FFRF awarded Clayborne $3,000.
By Clayborne Cook
“Jesus loves me, this I know, for the bible tells me so.” As an impressionable youngster, I was unknowingly duped into belting songs like this throughout my childhood during weekly Sunday school lessons. As I grew older and worldlier, I began to discover all the other things “the bible tells me so,” and how incredibly dangerous and restricting many of these notions are to my personal freedom and that of others. Yet, despite these dangers, the bible, in direct violation of the First Amendment of the U.S. Constitution, has continually shaped the political decision-making process, thus increasing inequality and negatively impacting the general welfare of the American people. Now more than ever, we must take long-needed action to effectively ensure that public policy is developed and enforced in an equitable and constitutional manner, absent of biblical teachings or other religious doctrine.
Personally, I have read the bible in its entirety, not out of pleasure, but out of a personal motivation to better understand the content of the world’s best-selling book. As a human, and also as a human-rights advocate, this was not an easy feat. What was most difficult was not getting through the actual content of the book, but coming to terms with the fact that millions of U.S. citizens, including public officials, accept its contents as “the word of God” and support the sinister instructions laid forth. Two particularly abominable verses I encountered in my reading include Leviticus 20:13, which states that “if a man lies with a male […] they shall surely be put to death,” and 1 Timothy 2:11-12, which declares that “a woman should learn in quietness and full submission [and should not] assume authority over a man; she must remain quiet.” These two commands, among a slew of others, openly promote the persecution of gay community members and women. Moreover, as a public-health student earning a certificate in health equity, with a specific focus on bridging health disparities related to sexual orientation and gender, I know that this inequity would likely not exist today had there been a true “wall of separation” between public policy and biblical teachings. For example, one could argue that this very oppression endorsed by the holy scripture was the cause of insufficient action during the early stages of the HIV epidemic, as well as the long-accepted belief that domestic violence is a private family matter; both of which led to a great deal of unnecessary suffering that is still felt to this day.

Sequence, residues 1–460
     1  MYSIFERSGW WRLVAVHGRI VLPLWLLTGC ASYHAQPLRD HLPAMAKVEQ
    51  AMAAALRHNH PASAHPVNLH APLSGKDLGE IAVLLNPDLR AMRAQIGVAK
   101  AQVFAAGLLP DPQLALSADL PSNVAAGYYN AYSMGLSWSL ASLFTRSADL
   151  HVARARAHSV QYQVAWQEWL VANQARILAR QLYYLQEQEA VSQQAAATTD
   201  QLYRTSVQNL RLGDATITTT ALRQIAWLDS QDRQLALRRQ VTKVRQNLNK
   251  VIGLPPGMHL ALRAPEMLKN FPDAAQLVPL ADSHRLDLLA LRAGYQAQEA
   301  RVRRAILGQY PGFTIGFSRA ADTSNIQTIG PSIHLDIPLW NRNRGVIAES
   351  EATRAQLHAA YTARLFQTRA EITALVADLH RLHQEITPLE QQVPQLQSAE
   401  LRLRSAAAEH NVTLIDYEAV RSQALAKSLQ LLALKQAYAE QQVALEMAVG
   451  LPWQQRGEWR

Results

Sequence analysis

What makes matters even worse is that the tide of biblically bolstered legislation is not receding but strengthening, much like the tides caused by human-generated climate change, another phenomenon that has unfortunately been denied using bible-based arguments. This year alone, bills requiring bible instruction have been introduced in West Virginia and Iowa.
Likewise, over the past several years, similar bills have been enacted into law in Kentucky, Arizona, Arkansas, Georgia, Oklahoma, Tennessee and Texas, while additional states have debated following suit. Such legislation is extremely dangerous to the future development of our country, and is in violation of the Constitution. We as a nation must assure and foster the capacity for freethought, and imposing “bible-literacy classes” upon our children is completely counterintuitive to this ideal.
Overall, bibliolatry has no place in the realm of government affairs, and “no law [should be made] respecting an establishment of religion, or prohibiting the free exercise thereof.” In order to guarantee that our constitutional rights and the constitutional rights of our children are not infringed upon, we must collectively be better informed and resist political decisions that blatantly contradict our Constitution. Additionally, we have to establish an environment in which citizens are not concerned with their state and national representatives’ religion when deciding who to vote for, but with the solutions that they promote to improve the general welfare of the American people.
Lastly, I believe it critical that we support organizations that are devoted to challenging unconstitutional decisions which disregard the separation of church and state. Together we can reverse the tides, and in doing so, we must constantly remember that what “the bible tells [us]” should not be equated with what the U.S. Constitution tells us.
Clayborne, 26, of Norfolk, Va., attends the University of Pittsburgh and is seeking a master’s degree in public health. He is the first member of his family to attend college. He has participated in the Peace Corps Master’s International Program, in which he served for three years as a health education and promotion specialist in Moldova. He plans to return to Moldova after earning his graduate degree.